Our Cheating Hearts: Love & Loyalty, Lust & Lies
by Kate Figes
The signs are usually there: you might have noticed some upgrades in the lingerie drawer, surges in car mileage, or you're wondering why your partner has started taking the phone into the shower. Computers, mobiles and social media activity have become by far the most common means by which a cheating heart reveals itself. Infidelity is so common, this book contends, that it is likely to happen, "at some point in a long relationship", to us all.
Kate Figes is a family mediator who now asks if long-lasting monogamy is possible in an age when we all live longer, and when many of us have so much money and personal freedom, and are bombarded with images and assertions about other people's sex lives all the time. Expectations about what we should get out of life generally, and sex in particular, have risen, she says, to the point where affairs don't simply look like an answer to the disappointment, boredom and unhappiness that are "the norm in many marriages", but something akin to a reasonable self-maintenance choice, made as easy to arrange by the internet as any other shopping. Figes has persuaded scores of people to share their stories of cheating, betrayal and marital pain, and they bear plentiful witness to the insanity lust can provoke: the bunny-boiling rages, the histrionic phone calls, the unscheduled appearances at the office.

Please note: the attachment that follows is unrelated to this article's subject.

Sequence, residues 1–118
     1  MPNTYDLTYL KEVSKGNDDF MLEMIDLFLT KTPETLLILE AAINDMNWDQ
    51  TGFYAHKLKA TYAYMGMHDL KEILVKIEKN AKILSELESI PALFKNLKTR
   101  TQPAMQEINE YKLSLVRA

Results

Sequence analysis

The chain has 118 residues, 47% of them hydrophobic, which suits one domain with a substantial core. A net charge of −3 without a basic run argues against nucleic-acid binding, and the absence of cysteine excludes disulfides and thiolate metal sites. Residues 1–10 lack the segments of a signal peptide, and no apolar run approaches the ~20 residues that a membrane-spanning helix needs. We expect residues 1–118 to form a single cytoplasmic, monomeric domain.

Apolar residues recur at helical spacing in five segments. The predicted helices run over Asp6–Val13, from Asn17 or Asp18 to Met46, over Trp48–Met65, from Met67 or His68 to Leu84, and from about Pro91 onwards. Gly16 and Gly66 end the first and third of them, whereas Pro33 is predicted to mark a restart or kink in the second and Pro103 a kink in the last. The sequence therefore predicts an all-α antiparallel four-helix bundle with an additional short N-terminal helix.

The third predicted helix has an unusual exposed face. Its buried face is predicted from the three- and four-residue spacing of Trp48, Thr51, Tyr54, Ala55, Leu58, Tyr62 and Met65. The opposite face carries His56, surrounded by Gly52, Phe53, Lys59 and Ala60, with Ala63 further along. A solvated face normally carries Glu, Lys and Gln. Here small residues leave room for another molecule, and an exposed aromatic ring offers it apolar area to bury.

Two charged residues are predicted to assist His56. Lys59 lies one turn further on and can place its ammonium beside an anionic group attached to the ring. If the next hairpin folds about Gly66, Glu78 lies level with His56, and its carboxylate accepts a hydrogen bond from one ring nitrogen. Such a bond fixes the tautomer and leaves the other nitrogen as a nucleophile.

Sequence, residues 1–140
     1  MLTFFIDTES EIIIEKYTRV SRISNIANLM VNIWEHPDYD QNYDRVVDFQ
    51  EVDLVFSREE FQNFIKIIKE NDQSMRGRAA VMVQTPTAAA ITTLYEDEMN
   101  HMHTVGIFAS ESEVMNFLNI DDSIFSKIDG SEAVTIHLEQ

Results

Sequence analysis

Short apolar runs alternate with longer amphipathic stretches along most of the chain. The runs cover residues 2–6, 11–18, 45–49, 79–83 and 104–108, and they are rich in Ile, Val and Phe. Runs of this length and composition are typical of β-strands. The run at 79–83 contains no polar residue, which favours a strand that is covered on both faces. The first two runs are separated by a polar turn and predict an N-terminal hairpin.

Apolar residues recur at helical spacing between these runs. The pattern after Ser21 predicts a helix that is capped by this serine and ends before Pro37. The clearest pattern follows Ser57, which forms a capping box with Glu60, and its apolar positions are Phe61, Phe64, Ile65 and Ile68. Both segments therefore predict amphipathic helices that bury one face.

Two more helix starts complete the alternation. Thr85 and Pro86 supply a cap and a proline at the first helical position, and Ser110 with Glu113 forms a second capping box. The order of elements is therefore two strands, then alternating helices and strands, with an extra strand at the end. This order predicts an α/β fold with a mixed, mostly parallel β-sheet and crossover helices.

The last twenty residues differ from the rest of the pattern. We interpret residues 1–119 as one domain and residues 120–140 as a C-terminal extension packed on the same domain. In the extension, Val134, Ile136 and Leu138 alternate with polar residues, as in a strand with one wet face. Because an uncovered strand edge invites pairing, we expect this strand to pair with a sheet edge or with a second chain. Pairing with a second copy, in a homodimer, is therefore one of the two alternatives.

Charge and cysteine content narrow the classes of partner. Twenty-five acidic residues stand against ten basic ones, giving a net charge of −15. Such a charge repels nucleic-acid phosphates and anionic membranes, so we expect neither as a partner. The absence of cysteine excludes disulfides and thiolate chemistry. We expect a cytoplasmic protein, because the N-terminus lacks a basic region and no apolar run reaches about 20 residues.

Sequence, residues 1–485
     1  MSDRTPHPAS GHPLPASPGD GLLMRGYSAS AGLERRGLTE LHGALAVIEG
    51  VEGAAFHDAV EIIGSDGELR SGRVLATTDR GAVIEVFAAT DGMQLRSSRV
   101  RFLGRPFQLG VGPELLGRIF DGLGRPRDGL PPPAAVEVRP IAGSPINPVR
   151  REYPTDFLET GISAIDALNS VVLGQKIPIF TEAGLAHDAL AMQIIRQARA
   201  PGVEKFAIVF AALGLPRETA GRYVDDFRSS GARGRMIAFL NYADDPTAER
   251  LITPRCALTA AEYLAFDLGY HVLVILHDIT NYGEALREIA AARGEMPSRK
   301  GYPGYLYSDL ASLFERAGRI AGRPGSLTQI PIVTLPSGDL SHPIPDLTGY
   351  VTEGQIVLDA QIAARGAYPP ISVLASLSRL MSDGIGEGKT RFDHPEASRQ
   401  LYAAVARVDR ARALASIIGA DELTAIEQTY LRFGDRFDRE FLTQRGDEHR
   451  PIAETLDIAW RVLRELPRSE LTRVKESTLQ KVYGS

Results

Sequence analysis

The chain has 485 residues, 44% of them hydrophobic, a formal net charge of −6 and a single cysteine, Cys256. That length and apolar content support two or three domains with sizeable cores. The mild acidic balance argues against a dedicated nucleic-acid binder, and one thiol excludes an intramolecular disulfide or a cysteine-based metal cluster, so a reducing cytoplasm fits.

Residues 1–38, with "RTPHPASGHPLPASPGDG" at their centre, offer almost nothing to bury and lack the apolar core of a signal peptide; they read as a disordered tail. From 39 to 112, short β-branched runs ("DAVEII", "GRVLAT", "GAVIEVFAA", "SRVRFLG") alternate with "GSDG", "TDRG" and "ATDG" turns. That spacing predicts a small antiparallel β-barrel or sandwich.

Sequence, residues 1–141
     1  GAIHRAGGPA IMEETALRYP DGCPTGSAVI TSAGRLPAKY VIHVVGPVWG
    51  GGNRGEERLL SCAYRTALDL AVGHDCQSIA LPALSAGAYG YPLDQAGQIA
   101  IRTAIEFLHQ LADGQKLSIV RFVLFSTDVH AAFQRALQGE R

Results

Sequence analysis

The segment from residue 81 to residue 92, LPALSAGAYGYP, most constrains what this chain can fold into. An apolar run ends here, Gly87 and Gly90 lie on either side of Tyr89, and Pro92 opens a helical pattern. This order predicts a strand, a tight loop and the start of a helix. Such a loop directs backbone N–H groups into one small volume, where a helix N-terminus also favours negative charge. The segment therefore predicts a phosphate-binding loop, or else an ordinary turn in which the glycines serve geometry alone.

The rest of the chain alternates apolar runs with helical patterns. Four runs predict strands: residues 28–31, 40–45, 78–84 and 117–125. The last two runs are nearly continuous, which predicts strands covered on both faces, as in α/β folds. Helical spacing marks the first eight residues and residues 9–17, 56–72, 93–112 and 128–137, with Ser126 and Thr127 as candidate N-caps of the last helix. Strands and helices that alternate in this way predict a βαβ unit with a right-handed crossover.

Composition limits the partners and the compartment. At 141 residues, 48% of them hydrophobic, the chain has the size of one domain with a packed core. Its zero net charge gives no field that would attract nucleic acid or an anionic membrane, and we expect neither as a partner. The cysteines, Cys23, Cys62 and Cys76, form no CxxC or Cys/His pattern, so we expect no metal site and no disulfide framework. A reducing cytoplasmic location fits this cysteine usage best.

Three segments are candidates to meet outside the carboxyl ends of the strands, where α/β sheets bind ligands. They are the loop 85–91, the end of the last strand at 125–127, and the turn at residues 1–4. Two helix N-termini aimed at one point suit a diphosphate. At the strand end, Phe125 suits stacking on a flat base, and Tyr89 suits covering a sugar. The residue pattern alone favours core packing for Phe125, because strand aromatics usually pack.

Her contributors often sound quite nostalgic about the turmoil they have lived through, and can be refreshingly honest. Figes's most surprising assertion is that monogamy is valued as never before, and that fidelity has "assumed more meaning as a marker of their commitment" in the current generation. A book like this demands closure, and in her last two chapters, Figes strains every fibre to provide it. She goes from caring and sharing to deploring all in a trice, and in a chapter on the effects of divorce on children, blames unfaithful couples for just about every evil in society.
Guardian News & Media